The international proletarian class deserves the very best.

Illustration by Chris Matthews

The Best of Current Affairs

A sampler platter of Current Affairs delicacies…

The end of 2016 also marks the end of Current Affairs’ first year of existence. Over the course of the annum, we have been pleased to bring readers an extraordinary selection of writing on a sprawling array of subjects. For a brand-new print magazine, we are proud of how much high-quality content we have managed to produce in a relatively short amount of time. Thanks to our generous and supportive readers and subscribers, we have managed to build and sustain a new print magazine in a time of great economic difficulty for small media outlets like ours.

We’d like to thank our readers by presenting them with some of the best content we’ve published in 2016, arranged by topic. If you enjoy what we have to offer, we strongly encourage you to subscribe to our print edition or donate money to fund our work. (Remember, a Current Affairs subscription makes an ideal holiday gift!) Current Affairs is not for profit, and all of the funding we receive goes directly toward paying writers and illustrators so that they can produce the highest quality work.

Thank you, and we hope you’ll love all of the material we have in store for 2017!

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Media Criticism:

 

Culture

 

Law and Criminal Justice

 

Race & Gender:

 

Money & Economics:

 

History:

 

Right-Wing Politics:

 

People:

 

Immigration:

 

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Letters to the Editor

The latest in our ongoing barrage of public complaints…

Despite our best efforts to discourage them, Letters to the Editor continue to flow regularly into the Current Affairs postbox. We hereby present a representative selection of our reading public’s most vehemently-held opinions. 

Re: You Should Be Terrified That People Who Like ‘Hamilton’ Run Our Country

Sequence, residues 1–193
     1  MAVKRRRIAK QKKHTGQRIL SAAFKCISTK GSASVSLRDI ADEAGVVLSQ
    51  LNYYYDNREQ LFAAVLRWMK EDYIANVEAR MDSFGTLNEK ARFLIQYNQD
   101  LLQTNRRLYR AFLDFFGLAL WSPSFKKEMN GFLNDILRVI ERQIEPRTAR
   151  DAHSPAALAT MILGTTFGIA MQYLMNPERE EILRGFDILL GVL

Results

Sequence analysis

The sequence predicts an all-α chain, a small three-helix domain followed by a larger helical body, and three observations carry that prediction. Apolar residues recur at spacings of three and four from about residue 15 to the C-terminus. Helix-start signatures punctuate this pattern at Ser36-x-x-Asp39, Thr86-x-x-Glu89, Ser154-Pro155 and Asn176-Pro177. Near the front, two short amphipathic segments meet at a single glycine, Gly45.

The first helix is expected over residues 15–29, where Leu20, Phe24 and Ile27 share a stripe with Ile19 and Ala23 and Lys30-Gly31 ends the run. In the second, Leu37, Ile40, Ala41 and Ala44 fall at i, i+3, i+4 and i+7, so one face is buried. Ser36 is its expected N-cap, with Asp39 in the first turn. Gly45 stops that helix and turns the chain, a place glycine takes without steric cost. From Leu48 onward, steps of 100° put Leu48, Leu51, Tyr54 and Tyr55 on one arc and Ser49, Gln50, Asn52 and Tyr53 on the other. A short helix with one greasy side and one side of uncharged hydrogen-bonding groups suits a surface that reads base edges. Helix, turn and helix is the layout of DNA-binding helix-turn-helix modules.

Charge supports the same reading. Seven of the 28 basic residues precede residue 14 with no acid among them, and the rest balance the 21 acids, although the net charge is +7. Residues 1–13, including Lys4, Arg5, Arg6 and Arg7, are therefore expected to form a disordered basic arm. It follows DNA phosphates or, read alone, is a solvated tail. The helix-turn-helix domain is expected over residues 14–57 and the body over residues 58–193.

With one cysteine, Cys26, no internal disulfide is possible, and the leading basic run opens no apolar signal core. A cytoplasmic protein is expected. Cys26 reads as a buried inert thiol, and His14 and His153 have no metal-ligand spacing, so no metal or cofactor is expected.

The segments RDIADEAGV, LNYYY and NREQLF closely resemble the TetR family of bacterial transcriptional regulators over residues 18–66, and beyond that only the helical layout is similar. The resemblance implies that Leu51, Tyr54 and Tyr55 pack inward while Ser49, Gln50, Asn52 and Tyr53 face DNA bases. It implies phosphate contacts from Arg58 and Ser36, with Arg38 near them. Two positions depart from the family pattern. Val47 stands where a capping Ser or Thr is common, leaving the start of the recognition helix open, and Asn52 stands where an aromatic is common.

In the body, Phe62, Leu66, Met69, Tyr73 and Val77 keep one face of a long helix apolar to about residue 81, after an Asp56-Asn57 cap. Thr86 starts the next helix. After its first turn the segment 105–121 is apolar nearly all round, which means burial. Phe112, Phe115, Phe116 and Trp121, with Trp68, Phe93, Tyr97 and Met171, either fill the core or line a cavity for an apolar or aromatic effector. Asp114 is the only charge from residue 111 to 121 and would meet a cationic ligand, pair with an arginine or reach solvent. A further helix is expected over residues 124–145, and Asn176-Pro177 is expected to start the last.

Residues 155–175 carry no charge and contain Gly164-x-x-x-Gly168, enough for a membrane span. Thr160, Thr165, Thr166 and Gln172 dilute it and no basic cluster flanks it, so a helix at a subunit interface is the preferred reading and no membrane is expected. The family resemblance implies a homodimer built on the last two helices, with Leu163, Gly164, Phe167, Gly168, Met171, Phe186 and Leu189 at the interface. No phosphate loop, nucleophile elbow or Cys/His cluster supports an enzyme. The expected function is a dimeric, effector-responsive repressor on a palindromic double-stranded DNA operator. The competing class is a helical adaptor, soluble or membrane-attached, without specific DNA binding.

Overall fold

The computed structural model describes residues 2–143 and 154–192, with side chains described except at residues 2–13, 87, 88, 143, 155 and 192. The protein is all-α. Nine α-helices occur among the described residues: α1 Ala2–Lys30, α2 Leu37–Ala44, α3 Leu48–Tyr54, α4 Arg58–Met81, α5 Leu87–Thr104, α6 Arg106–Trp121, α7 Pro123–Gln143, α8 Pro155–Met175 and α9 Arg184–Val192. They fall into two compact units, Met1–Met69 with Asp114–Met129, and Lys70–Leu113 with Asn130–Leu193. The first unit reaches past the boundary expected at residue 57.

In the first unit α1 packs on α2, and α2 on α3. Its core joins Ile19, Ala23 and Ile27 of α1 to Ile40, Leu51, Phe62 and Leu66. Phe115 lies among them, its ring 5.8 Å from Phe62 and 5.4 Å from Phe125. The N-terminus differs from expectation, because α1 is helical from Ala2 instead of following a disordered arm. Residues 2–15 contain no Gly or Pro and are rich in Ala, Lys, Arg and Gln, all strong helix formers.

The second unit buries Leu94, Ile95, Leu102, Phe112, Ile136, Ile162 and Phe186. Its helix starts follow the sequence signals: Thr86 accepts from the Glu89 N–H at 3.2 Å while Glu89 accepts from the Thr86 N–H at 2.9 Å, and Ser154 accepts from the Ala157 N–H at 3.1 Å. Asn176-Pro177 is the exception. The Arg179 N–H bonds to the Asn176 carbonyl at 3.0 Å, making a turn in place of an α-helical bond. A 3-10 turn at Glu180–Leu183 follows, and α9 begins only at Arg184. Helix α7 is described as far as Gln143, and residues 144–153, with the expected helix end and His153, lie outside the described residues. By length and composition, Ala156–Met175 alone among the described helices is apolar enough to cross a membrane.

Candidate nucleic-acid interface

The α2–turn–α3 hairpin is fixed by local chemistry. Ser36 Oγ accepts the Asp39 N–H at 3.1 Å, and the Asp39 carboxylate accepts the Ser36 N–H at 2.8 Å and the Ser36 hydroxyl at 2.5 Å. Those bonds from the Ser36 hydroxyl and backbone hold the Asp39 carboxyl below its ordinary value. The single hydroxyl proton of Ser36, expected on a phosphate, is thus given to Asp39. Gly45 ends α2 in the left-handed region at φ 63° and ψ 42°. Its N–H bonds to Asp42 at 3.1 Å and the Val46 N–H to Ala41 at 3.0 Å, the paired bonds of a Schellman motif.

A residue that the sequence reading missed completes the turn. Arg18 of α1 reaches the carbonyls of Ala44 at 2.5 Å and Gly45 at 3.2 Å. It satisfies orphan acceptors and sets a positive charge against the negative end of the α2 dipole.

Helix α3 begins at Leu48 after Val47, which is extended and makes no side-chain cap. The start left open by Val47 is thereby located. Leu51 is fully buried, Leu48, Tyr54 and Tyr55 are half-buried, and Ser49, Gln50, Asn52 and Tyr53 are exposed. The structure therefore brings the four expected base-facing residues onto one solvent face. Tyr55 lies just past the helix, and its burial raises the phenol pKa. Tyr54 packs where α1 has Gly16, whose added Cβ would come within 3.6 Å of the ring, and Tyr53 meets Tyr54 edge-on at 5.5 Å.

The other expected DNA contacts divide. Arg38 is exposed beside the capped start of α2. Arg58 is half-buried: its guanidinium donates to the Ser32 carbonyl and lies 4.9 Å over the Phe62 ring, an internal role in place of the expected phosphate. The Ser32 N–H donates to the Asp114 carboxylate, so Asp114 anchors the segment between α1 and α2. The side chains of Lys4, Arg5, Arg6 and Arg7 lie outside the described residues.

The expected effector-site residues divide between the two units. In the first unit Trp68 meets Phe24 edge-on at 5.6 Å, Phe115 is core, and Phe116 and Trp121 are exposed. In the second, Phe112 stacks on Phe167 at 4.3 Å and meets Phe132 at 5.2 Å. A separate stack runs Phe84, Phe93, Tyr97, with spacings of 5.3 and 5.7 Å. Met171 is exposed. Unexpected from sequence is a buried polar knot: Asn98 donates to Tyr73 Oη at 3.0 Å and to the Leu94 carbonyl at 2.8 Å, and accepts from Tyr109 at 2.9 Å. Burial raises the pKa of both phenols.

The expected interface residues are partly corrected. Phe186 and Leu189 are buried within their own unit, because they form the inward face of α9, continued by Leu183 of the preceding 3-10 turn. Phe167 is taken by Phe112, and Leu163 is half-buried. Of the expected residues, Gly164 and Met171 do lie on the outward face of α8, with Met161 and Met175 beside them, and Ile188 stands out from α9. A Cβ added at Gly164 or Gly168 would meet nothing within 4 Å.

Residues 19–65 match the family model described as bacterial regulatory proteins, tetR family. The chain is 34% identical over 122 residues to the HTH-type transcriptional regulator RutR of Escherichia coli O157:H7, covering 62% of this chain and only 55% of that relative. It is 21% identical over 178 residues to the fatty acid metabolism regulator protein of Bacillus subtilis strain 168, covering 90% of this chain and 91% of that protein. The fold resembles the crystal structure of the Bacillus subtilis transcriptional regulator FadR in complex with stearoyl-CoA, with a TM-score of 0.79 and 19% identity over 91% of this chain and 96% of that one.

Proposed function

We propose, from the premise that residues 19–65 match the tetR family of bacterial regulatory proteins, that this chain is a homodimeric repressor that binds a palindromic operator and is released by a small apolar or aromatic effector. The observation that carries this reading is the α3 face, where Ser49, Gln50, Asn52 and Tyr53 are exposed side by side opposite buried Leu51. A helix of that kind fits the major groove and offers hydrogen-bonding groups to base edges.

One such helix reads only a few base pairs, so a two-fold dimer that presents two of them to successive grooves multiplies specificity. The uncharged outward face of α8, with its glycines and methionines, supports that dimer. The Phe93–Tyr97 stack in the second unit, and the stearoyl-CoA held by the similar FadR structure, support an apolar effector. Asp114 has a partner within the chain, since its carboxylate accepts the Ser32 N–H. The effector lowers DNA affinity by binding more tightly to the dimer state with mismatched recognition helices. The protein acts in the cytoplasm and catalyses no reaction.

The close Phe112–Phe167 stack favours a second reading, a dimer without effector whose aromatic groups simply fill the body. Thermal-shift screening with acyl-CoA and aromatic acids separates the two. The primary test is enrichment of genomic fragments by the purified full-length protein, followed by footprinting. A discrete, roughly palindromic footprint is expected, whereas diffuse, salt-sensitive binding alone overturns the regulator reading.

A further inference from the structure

To the Editors:

Has Alex Nichols seen Hamilton?  has Alex Nichols listened to the original cast recording? Obviously not. Maybe the article was written out of sour grapes at not being able to snag a ticket; but at any rate it’s pretty shoddy journalism to publish something about which the author is completely clueless. When the author does finally research their subject and listen or watch I think they will be very embarrassed.

Hamilton is not a documentary or some museum diorama of the time period. It is an unabashed, heart-on-its-sleeve musical based on a book about a specific person. The play is three hours long as it is. Something had to go. John Adams had to go, Ben Franklin had to go, they couldn’t do everything. Much like when they were writing the Declaration of Independence and they needed to excise the clause about slavery in order to not jeopardize  independence.

Honestly, in this era of debauchery and butchery and death and torture and horror daily in the news the one shining  light is Lin-Manuel Miranda who I believe is the reincarnation of Shakespeare among us. And your ‘author’  who has no idea what he is talking about has the nerve to slander everything they are trying to do.

Exploitation of the musical to promote a shallow take on society, what he is accusing Hamilton of being,  is exactly what the author of this article has done. I’m so sick and tired of the cynicism and ironic take-down of everything that’s good in this world.